June 6, 2010 at 7:22 pm | Report abuse |
    • Matt

      "Rivers and Water systems" drain INTO the ocean – not the other way around.
      Oil doesn't evaporate – so no "oily rain"
      This is a big mess – but not a Coastal Armageddon!
      Good grief – get a grip already!

      June 6, 2010 at 10:46 pm | Report abuse |
  2. Elliott Peet

    I'm both happy and sad that this had to happen to our southern everglades and marshes that hold hundreds of different viable species, devastated from a man-made disaster... hurt sadly that it sounds like a problem to deal with many years down the road. Happy to help prove how oil is a dumb source of energy while we have so many other proven sources that would never put our life in such peril as this. STOP THE DRILLING (especially in Alaska!)

    June 4, 2010 at 4:15 pm | Report abuse |
  3. Mary Beth

    Wow. This has just been eating me up. Gulf Breeze is my hometown....and ftr, NO – Pcola Beach is NOT in GB. GB actually is a strip of land (peninsula) that sits between Pcola and Pcola Beach. Jow Moran had it right. But none of that matters now. Bc it's the whole ecosystem and economy of the WHOLE region that is gonna be destroyed now. It breaks my heart and it could have been prevented. THIS is why we need regulation, folks. All you de-regulation republicans who are waiting for corporations to "do the right thing" – Keep waiting. Bush and his cronies deregulated Big Oil so much that this is the consequence. Of course he lives in Texas so why does he care??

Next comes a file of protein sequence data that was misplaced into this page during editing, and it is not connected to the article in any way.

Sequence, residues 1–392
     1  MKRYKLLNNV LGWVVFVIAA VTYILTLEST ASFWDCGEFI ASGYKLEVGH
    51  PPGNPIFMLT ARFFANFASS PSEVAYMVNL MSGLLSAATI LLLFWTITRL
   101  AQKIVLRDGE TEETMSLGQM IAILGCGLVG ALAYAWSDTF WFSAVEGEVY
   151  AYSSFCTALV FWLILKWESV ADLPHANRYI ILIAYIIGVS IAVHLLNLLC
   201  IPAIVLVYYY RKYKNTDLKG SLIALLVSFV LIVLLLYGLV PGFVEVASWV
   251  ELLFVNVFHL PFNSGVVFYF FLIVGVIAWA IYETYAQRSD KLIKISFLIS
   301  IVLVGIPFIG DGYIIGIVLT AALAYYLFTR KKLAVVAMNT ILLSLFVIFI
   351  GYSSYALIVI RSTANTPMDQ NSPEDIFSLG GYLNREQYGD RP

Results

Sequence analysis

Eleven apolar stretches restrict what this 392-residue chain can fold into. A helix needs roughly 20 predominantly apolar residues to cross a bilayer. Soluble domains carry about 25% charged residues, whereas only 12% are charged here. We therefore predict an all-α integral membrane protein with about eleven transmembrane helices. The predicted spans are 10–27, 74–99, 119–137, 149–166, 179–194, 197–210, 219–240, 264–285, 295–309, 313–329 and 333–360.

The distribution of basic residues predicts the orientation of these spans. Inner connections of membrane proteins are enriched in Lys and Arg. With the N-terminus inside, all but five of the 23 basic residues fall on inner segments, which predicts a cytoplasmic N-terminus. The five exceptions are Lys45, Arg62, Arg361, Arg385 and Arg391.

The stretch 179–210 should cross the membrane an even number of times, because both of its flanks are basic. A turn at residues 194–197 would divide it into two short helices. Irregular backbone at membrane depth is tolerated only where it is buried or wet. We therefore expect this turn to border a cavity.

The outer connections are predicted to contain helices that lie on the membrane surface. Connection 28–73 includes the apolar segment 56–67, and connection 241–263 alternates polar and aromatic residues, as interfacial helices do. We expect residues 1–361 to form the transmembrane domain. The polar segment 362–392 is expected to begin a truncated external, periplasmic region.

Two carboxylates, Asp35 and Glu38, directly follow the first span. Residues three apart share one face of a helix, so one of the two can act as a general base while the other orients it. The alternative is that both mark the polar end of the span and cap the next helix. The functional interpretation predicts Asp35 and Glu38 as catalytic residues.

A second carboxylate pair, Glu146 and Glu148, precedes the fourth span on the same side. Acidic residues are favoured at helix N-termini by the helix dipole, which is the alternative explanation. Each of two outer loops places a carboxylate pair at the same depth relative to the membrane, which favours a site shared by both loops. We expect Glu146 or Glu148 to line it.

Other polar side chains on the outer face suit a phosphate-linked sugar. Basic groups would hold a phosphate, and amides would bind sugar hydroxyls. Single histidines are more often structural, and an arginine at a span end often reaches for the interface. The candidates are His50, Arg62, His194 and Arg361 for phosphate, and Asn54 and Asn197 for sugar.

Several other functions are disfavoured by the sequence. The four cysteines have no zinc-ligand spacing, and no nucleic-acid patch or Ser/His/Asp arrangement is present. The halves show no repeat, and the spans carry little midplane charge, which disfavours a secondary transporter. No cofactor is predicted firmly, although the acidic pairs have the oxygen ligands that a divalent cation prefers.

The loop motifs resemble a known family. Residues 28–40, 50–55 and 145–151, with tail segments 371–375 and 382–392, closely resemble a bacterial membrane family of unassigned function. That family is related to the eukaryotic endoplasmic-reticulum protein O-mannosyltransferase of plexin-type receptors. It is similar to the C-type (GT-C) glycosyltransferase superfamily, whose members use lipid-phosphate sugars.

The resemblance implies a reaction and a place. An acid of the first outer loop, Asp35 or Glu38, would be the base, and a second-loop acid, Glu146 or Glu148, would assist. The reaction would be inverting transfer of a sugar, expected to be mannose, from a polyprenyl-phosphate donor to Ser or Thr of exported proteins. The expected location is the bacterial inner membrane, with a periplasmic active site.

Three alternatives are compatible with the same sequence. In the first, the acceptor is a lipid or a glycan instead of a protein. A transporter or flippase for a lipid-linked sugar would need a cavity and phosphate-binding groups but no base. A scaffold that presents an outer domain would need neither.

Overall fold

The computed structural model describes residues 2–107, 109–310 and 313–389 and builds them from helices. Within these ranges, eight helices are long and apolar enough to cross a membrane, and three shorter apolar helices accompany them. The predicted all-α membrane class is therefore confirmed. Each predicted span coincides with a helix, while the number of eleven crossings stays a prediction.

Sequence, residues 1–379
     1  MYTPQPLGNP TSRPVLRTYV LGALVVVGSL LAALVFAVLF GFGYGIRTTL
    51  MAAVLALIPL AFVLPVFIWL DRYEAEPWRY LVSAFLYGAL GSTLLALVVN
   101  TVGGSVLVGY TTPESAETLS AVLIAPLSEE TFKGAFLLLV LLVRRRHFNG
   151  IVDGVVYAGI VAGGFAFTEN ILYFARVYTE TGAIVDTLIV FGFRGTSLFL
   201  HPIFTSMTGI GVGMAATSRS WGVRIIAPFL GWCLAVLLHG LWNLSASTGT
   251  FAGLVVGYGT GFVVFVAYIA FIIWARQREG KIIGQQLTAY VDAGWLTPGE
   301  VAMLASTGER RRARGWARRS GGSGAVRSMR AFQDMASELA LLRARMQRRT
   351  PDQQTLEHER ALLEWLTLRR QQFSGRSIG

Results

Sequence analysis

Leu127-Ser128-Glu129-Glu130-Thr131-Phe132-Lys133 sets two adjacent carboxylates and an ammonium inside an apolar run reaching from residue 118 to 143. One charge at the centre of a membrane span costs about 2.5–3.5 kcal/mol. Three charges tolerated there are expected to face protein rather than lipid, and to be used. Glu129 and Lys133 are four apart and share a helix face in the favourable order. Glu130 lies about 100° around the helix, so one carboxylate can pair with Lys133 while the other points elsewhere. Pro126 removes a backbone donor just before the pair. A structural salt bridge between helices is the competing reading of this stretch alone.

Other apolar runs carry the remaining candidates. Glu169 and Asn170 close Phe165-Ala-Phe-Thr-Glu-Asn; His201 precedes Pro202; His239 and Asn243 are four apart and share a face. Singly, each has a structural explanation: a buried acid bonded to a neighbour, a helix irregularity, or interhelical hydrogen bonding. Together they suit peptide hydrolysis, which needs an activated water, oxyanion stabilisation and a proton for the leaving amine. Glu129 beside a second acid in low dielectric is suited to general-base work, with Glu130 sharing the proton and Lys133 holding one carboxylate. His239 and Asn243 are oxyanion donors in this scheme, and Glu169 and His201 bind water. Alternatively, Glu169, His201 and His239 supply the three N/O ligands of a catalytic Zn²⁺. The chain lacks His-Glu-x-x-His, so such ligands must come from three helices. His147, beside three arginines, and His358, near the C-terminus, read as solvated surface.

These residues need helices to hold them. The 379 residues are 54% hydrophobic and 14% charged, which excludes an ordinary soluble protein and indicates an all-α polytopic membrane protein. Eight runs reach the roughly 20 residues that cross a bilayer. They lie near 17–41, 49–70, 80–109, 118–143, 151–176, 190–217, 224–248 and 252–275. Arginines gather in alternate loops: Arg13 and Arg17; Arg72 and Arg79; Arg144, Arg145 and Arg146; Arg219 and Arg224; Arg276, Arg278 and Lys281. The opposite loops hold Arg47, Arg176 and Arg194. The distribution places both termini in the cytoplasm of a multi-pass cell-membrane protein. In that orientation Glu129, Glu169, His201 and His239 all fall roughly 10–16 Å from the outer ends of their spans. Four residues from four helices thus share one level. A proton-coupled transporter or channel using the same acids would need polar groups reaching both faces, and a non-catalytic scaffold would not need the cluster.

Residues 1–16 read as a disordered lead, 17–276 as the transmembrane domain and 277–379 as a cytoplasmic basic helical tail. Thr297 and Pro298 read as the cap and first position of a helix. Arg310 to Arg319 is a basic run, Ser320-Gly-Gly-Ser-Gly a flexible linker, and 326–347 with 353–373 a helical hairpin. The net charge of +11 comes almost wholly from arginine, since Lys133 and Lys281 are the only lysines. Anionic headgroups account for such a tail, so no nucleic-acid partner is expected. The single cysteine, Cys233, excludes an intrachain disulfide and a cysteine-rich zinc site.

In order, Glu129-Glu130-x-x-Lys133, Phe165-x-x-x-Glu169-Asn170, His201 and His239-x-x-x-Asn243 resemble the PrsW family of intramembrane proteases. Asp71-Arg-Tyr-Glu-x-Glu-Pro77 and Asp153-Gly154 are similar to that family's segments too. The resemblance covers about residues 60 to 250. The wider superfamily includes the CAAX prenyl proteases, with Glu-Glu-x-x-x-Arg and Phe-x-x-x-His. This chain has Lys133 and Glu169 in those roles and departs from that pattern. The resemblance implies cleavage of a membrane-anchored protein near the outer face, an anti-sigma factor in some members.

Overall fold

June 4, 2010 at 4:15 pm | Report abuse |
    • curt

      bush is big buddies with tony blair ,,he helped give this country back to the brits ,,,why do the brits take our oil out in the first place ?? and sell it back to us for 4 $ a gallon ????????????? bush and cheney are responsible and obama is right there with them cuz he did not try to stop this relationship with the brits ,,,the red coats are comming and this time we gave our country back to them with out a fight ,,this country is no longer a democrocy or a republic for which it stands ,